February 21, 2019 - Latest: What has happened to markets this year? by Darius McDermott
1st January 1999
somebody should be asking that question over here to Mervin, inflation – its all temporary mate!
always is but it happens and we who can’t ask for bankers bonuses get it in the neck every time.
TPTB are just not caring , they’re alright Jack!
Surely it is not only US inflation which is understated? That statement is even more true of the UK numbers. There has been a gradual drip-drip process going on for decades now, where every trick officials can think of is used to manipulate inflation numbers downwards. All Western countries have been at it and it is directly due to the instruction of politicians, desperate to attempt to hide the inflation which they have generated.
I have observed previously, part of the obligatory tool-kit for part government financing by use of debasement in any democracy is the need for the manipulation downwards of officially published supposed inflation numbers. Without that facility it becomes too difficult for political parties to get re-elected. Their stealth theft on top of all their taxation plundering if fully visible and understood angers electorates.
There have been for example in the UK senior retirees from the ONS who have stated post retirement that pressure was put on them by successive governments to find statistical tricks to achieve lower inflation numbers than reality, during their tenure; they have claimed that if they failed to obey that instruction they were threatened with being sacked and losing their pensions. Clearly they obeyed these instructions, and you do not have to look very hard to find numerous examples of how they achieved them. The methods have spread widely and have been copied shamelessly throughout the West.
Inflation here comes in insidious ways.. an example of which I noticed last night when I bought a box of spaghetti noodles: it usually cost $1.00 and was 16oz (1lb)– but today I noticed the box was only 13.5oz yet the price remained the same. On the bright side, over time, perhaps our obesity problems will subside if this continues ? Gas here in Minnesota is $3.89/gal and pretty much everyone expects over $4.00 this summer, and I’m in agreement. On the coasts, regular gas is already over $4.00; my sister lives in the San Francisco Bay area and paid $4.19 yesterday.
Isn’t there a tipping point where it becomes so blindingly obvious to even the most diehard manipulator that a country’s debt burden is too great even factoring fantastical growth rates? It would seem to me to be akin to a company which makes nothing anymore going to shareholders every month for fresh capital which is then used to pay off a fraction of the outstanding debts. Even restructuring the debts won’t have the desired effect; at some point a winding up order will be issued.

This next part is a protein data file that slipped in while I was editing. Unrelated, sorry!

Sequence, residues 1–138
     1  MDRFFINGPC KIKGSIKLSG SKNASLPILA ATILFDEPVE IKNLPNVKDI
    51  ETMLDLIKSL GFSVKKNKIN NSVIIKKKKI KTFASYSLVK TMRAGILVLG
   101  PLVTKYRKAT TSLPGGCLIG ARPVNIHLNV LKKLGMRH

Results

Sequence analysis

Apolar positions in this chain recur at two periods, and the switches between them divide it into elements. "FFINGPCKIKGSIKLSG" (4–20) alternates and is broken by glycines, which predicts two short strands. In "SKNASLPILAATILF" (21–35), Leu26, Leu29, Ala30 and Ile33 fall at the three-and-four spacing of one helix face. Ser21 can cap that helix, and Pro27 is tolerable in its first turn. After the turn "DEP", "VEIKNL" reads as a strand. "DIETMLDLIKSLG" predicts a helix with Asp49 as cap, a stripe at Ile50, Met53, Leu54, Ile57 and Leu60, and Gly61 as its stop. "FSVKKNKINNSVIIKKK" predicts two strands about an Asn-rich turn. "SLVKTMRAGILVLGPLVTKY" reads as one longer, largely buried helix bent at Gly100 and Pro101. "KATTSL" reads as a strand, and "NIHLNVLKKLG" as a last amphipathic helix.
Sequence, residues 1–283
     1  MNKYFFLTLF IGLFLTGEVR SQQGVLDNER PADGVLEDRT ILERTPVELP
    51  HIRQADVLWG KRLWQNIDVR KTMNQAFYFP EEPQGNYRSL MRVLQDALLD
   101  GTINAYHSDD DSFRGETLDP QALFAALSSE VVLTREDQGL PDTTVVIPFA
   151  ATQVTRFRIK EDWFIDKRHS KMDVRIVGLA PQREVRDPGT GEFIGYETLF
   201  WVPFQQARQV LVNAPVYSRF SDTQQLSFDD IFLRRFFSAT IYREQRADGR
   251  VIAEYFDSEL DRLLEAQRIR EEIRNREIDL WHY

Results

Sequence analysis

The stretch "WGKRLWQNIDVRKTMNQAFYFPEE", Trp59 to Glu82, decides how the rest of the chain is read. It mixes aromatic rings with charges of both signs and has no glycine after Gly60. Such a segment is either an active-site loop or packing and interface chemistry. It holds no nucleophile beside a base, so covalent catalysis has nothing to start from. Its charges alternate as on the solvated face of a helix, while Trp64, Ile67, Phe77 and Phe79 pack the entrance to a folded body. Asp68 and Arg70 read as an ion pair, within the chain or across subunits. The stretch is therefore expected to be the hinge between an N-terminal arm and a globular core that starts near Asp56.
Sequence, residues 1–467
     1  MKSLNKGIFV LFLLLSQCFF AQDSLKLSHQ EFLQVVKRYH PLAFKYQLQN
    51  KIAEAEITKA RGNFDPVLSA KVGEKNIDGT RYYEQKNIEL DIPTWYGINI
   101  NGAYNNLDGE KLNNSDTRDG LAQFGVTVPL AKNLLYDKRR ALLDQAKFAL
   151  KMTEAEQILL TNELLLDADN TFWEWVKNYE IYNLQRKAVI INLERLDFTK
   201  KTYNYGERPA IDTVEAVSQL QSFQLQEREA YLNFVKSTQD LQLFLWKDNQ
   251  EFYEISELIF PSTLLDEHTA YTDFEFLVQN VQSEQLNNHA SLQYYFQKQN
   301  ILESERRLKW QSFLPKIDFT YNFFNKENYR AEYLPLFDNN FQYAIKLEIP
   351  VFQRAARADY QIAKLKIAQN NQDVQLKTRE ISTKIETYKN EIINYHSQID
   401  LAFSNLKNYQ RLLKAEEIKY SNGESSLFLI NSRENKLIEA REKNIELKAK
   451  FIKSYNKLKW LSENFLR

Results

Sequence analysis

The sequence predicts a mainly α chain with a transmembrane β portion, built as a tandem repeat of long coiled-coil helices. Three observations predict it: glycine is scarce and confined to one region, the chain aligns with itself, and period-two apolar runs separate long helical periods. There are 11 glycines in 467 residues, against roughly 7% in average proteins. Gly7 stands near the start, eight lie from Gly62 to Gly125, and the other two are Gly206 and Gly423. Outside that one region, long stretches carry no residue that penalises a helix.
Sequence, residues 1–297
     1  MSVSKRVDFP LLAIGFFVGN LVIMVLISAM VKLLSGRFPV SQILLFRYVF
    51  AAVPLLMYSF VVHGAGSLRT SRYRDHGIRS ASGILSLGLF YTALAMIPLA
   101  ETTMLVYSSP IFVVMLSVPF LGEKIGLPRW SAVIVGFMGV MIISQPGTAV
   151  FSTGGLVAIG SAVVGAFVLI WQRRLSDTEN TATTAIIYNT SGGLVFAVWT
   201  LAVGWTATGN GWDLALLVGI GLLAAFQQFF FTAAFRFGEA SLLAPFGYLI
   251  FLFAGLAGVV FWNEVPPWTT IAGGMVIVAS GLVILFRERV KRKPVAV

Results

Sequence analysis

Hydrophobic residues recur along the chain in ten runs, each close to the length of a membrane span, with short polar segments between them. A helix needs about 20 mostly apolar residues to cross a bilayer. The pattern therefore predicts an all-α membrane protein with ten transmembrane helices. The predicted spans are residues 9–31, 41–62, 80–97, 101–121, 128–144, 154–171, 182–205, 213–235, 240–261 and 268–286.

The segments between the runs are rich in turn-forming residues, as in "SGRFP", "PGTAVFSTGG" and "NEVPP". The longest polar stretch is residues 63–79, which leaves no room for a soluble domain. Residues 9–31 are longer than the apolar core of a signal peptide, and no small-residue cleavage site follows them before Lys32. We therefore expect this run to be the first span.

As for UK inflation, you can only pick pockets for so long, eventually you will get caught. Anyone involved in a weekly or monthly shop knows full well inflation is rampant with costs going up at almost every visit, and that’s if you can afford to put fuel in a car to get there.
I think history will consign Merve’s reputation to that of Trichet and our ex Iron Chancellor! I don’t think our present one is any better neither!
Hi Shaun, great post as always.
About the restructuring of the Greek debt, it is not clear how it would proceed, even if Greece is not solvent. Provopoulos, the director of the Bank of Greece, has pointed out several times (the first one many months ago) that a large proportion of the Greek government bonds is held by Greek institutions. These are banks, as well as pension and insurance funds. So, a haircut on the bonds would have horrible direct consequences for the people in Greece. Then there is the problem of the primary budget balance, which is not clear where it stands now (Greece had something like a 6-8% primary deficit a year ago). If Greece still consumes more than it produces, it needs to keep borrowing. This has not exactly sunk in, I’m afraid.
So, any restructuring that could benefit Greece will have to be accepted by the creditors and it will probably involve a reduction in interest rates and a lengthening of the loan terms. But this would also come with a requirement for further belt-tightening in Greece, which looks politically more and more difficult.
By the way, speaking of Greece (and inflation), there appears to be another country that, in the words of PIMCO’s Bill Gross, is trying to out-Greek the Greeks.
cheers (or something like it),
Did you get Standard and Poors on the case? More seriously I have felt that in comparison to the Euro zone the United States has a federal government and an overall fiscal policy as its main advantages. I think that there are some gains from being the world’s reserve currency but have thought it had been somewhat overplayed in importance.
But with talk of a new type of private finance initiative in the UK there are issues almost everywhere I look….
Speaking of Greece: http://www.zerohedge.com/article/greek-bonds-freefall-ecb-intervention-absence-raises-concerns-greece-now-doomed
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